Ever ask yourself “Wouldn’t it be great if” such-and-such a character found themselves in a certain situation?  Or a deadly nemesis from the past would come back to threaten our heroes?  Or perhaps it’s a certain combination of characters which have created sparks of the romantic kind, yet the show never followed through on-screen with what you were certain was there, under the radar.  These are the things which find their way into the basics of fan fiction, no matter what show, no matter what era.

The cast of The Secret Adventures of Jules Verne

Fan Fiction started almost as early as mass fiction did.  There are reports of fan parodies and unauthorized versions of Alice in Wonderland and the Sherlock Holmes novels, and H.G. Wells and his fantastic fiction inspired many similar works.  The romances of Jane Austen had their own devotees, some of whom wrote in a similar style (and their legacy continues today).  You could even call some of the shows later developed from these properties another version of “professional” fan fiction, like what was done on television with The Secret Adventures of Jules Verne.

But true fan fiction can probably be traced back to the mid-sixties and the advent of the original Star Trek.  The imaginative stories and “anything can happen” settings of science fiction, available with continuing characters, was a playground for inventive (and not so inventive) authors to insert their own tales into the ongoing narrative.

The first “fanzines” of this era were almost crude by today’s standards; typewritten and mimeographed, and sales breaking one hundred were considered successful.  Fans were eager to read any “new” adventures with their heroes, and even more were encouraged to write their own when they saw that the “writers” were simply fans like themselves.  In those days, the “dandelion” effect of one fan telling another, and those fans telling others, etc., etc., led to an underground network of such groups, each with their own focus and style of stories.  Those who actually OWNED the characters were often completely unaware of their existence.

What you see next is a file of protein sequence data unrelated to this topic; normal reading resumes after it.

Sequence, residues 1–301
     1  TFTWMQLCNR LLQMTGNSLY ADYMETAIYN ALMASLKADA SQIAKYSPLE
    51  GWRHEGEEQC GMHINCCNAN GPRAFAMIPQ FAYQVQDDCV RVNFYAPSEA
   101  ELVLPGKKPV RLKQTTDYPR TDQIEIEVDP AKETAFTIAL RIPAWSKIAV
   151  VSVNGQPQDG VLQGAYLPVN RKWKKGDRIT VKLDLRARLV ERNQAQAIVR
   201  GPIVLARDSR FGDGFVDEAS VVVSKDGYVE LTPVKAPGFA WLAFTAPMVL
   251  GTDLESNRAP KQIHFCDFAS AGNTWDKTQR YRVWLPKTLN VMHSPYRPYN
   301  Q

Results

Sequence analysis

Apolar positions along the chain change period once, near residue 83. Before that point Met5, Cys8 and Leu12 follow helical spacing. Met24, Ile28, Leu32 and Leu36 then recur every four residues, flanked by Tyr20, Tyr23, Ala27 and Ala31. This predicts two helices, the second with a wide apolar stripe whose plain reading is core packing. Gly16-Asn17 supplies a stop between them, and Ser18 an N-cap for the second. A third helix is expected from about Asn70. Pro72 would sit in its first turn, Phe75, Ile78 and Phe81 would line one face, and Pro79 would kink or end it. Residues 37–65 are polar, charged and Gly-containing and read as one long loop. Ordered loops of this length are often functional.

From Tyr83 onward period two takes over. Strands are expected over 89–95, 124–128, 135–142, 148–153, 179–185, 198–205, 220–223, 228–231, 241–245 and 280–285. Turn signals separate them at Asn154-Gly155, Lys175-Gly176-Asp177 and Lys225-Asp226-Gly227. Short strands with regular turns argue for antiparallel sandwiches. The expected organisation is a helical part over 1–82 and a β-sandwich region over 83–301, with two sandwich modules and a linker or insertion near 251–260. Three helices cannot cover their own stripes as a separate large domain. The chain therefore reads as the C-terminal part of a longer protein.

Rock City Rebels: A Bugaloos book

When the first pure Trek conventions started popping up in the early and mid-seventies, knowledge of these stories, no matter how amateurish or professional, became more widespread.  Book publishing houses took notice as well, and started doing more licensed tie-in work with various projects, instead of just novelizations of existing stories.  These featured everything from the aforementioned Star Trek to original novels based on children’s shows like The Bugaloos.  For a short while, almost every show on television got a novel or adaptation, but because of necessary lead time for publishing, books sometimes didn’t appear until the shows were canceled.